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The Last Train Out

The bus lurched to a halt and vomited us onto the pavement. The main plaza was a sea of heavy clothes crested with people’s downcast faces. I allowed myself to join that miserable surf and was washed across the square. The damp concrete squelched under my shoes. It can’t have been that loud, but every step made me wince.

Head down; hat tipped forward. Not enough to look like I was hiding, but enough to shade my face. I’d be scanned, but the machines would process the clearest pictures first.

I casually approached my first stop; saw myself in the shop window and checked the time. I looked much calmer than I felt: the city’s equivocal scrutiny raised horripilations inside and out – look away from the glass. I opened the shop door and walked in.

The brassy ring hung in the air as the door closed. It was darker here, and the outside world seemed bright in spite of the drizzle. I shouldered through the racks of designer suits and dresses for hire, up the steps and swept aside the tatty curtain hiding the dressing room. I knelt and ripped away the wallet taped underneath the worn bench. I replaced the curtain and returned to the shop floor.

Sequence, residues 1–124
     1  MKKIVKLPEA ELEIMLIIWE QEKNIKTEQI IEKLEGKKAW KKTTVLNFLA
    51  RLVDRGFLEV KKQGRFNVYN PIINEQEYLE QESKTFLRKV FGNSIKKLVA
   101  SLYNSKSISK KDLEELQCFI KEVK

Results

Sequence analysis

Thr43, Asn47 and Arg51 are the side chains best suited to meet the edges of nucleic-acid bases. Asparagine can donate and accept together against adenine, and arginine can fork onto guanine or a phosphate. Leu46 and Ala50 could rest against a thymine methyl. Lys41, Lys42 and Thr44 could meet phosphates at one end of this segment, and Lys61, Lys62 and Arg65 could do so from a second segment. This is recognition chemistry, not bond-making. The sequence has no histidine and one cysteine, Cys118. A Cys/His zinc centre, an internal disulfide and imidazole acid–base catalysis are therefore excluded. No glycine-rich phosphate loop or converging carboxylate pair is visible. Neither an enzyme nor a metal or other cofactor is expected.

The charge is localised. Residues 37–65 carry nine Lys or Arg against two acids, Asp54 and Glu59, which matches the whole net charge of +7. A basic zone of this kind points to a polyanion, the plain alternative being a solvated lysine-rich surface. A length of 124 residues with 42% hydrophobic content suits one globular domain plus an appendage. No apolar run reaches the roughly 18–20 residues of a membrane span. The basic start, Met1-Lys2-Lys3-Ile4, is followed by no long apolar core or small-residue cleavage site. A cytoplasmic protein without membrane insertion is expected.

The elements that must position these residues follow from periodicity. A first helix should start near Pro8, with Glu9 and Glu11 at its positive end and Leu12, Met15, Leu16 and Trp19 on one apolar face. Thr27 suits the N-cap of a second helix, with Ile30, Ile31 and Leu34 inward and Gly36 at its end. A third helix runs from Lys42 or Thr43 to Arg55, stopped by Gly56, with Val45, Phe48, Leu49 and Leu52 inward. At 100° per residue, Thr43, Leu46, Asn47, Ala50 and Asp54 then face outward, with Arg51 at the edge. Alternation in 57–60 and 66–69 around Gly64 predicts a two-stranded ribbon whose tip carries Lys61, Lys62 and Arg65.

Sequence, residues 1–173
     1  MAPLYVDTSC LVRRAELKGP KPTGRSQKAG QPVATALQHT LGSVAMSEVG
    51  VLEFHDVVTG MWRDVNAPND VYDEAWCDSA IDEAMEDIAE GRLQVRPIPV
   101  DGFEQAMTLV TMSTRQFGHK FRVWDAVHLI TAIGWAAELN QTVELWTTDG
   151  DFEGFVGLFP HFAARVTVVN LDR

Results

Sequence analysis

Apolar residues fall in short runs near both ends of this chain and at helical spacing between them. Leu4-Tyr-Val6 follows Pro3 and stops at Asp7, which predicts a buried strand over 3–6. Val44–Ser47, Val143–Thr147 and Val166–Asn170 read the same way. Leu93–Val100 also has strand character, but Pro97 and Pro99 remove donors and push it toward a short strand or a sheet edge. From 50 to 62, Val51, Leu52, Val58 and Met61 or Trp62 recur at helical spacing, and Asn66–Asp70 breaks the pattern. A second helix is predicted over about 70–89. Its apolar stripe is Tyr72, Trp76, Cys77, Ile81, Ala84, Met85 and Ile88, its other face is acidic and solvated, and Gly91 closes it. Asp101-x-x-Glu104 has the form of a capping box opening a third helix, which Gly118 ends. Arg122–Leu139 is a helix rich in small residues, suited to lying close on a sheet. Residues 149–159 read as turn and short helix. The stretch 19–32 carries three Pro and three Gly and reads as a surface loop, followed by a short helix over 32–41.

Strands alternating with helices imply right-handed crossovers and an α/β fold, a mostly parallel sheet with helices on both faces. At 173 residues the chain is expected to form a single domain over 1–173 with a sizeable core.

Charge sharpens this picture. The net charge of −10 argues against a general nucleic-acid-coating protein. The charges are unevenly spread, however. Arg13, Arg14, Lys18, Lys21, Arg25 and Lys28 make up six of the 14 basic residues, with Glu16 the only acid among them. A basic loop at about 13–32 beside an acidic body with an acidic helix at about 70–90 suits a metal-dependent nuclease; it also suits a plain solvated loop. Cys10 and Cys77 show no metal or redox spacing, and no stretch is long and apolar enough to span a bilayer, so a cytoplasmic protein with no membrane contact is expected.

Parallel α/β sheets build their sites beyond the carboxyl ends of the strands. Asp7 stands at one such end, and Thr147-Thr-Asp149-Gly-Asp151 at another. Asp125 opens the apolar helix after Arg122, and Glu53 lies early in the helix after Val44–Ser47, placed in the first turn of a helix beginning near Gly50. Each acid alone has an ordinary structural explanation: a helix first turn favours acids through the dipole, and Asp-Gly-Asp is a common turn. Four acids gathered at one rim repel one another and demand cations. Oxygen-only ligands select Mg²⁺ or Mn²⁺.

Alerted by the bell, the owner had appeared, a soft aging gentleman with thin hair and thick glasses. We nodded amiably and I murmured something about how nice the suits were and that I’d be back for a fitting. I smiled warmly at a woman (whom I presumed was his wife), then made the bell ring again.

The sky spat coldly at my feet, giving me a reason to hunch into my coat and tilt the brim again. I went against the flow back across the plaza, but joined a group of be-suited citizens marching with corporate urgency. I was glad of our uniformity, hiding me from the glass-eyed gargoyles clinging to every pole and rooftop.